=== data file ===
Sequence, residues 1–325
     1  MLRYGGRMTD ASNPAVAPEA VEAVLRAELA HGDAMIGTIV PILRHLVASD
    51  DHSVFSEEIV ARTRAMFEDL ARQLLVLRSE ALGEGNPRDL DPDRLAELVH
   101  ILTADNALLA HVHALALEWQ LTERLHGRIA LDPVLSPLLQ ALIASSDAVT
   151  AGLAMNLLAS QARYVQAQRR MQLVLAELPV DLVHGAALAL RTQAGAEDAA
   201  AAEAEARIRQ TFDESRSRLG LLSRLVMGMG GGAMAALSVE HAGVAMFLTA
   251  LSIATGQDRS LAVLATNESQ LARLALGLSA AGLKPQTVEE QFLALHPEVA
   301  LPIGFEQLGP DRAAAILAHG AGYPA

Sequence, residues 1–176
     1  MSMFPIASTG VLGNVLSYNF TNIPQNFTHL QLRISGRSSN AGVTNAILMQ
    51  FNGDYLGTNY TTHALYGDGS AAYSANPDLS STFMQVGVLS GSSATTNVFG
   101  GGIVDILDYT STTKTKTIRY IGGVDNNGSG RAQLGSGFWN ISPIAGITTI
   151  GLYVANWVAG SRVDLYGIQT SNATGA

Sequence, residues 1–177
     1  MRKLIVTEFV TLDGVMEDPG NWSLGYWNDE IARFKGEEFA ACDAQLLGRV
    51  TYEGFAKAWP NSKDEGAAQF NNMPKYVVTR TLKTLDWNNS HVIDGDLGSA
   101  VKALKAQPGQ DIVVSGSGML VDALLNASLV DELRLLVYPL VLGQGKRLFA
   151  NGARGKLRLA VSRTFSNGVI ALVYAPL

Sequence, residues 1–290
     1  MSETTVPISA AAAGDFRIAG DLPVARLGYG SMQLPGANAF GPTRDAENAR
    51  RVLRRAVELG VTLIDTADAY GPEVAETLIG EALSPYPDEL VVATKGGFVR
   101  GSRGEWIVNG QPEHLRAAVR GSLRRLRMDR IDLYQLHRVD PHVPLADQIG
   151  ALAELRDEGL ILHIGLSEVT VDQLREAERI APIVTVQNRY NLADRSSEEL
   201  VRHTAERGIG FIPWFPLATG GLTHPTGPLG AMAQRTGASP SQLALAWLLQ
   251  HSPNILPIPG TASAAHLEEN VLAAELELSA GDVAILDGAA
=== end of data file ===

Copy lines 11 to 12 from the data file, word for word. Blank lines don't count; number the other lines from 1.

    51  FNGDYLGTNY TTHALYGDGS AAYSANPDLS STFMQVGVLS GSSATTNVFG
   101  GGIVDILDYT STTKTKTIRY IGGVDNNGSG RAQLGSGFWN ISPIAGITTI